I went to the mall the other night on a serious mission. I was determined to buy a Christmas present for my little sister. I know I've said before that I don't buy presents for adults, but my youngest sister is an exception, partly because she has no kids and partly because I keep forgetting that she is all grown up now. I would rather spend an afternoon at the dentist's than spend a few hours at the mall so the fact that I went voluntarily to this dreadful monument to consumerism shows my devotion to my sister.
Of course, I did not go alone. Shopping malls, as my architect students have patiently explained to me, are designed to be confusing so that consumers will wander around aimlessly, spending money, trapped like parents who attempt one of those corn mazes, except it's worse because there's no teenager with a megaphone to shout helpful hints about which way to go. I have no chance in such an atmosphere. I would not even attempt such a trip without my Wonderful Smart Beautiful Daughter to guide me.
And let me explain the enormity of our task. Urban Sophisticate is impossible to buy for. First, she wears trendy sophisticated clothes and lives in the city that is way ahead of the rest of the country when it comes to fashion. The only way I could buy her something fashionable is if I flew to Paris. And even then, I am clearly not up to the task. The other thing to consider is that her home looks like something out of magazine so I couldn't buy anything for her apartment without first getting a degree in interior decorating. But worse, her tastefully decorated urban apartment is damned small that she doesn't have an extra closet or drawer in which to toss "it's the thought that counts" kind of a gift I might be reasonably able to pick out.
At one store, my daughter and I were discussing the dilemma, when a salesperson overheard us. "Who are you buying for?" she asked cheerfully, "We have something for everyone here."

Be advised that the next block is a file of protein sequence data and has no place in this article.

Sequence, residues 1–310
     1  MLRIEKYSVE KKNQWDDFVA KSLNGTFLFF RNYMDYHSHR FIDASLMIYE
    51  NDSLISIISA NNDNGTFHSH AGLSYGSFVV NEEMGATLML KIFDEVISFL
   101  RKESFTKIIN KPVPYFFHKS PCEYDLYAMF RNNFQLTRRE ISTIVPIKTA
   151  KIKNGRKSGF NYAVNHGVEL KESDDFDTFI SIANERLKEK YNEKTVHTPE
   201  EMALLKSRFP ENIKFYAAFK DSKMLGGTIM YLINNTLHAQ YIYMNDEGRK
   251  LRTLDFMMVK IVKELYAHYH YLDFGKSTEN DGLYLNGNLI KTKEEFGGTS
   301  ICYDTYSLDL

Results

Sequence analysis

"It's my sister, " I said. "She's 36, sophisticated, lives in Big City Like No Other."
"She lives in Big City Like No Other?" the salesperson said. Her cheery demeanor changed to one of resignation. "You can't buy her anything in Snowstorm City."
We exchanged smiles, she shrugged, and we continued on. By then, I was already beginning to achieve that daze that I get after about thirty minutes in mall so we went to the food court (the one thing I can unerringly locate in a mall) to fortify ourselves. I do enjoy the eating part of shopping, and I like having all kinds of little food places lined up in one spot.
An hour later, we were still just sitting at a table, relaxed and talking. I was enjoying myself. It was fun to sit and talk to my daughter. Then I glanced at my watch and realized with a panic that we weren't shopping at all. We'd bought nothing.
I leapt to my feet, knocking over the plastic red tray of food, and we set off again. This time, I half-heartedly tried to look into store windows and make suggestions. At that point, I was desperate, willing to buy anything. That's why it was handy to have my daughter along. I would point to some random piece of clothing that I thought might be sophisticated, based mainly on the fact that it was something I didn't own. My daughter would say: "Are you kidding? She would hate that." And we'd keep walking. Pretty soon, I got the hang of this whole fashion thing, and I would point into store windows saying, in what I hoped was a sufficiently snobby tone, "See that? She'd hate that." And my daughter would nod in agreement. It was actually kind of fun.
Then we passed a store called Waddling Creatures, Female and Male. As we gazed through the big glass window in front, we could see all kind of country home decorations, festooned with ribbon and calico and little hearts carved out of wood. I could hardly believe my eyes. It was incredible. An entire store filled with stuff Urban Sophisticate would absolutely hate.
My daughter laughed. "You know what would be fun? Some year let's all agree to only buy presents that we know the other person would hate. That would be soooo much easier."
I think she's right.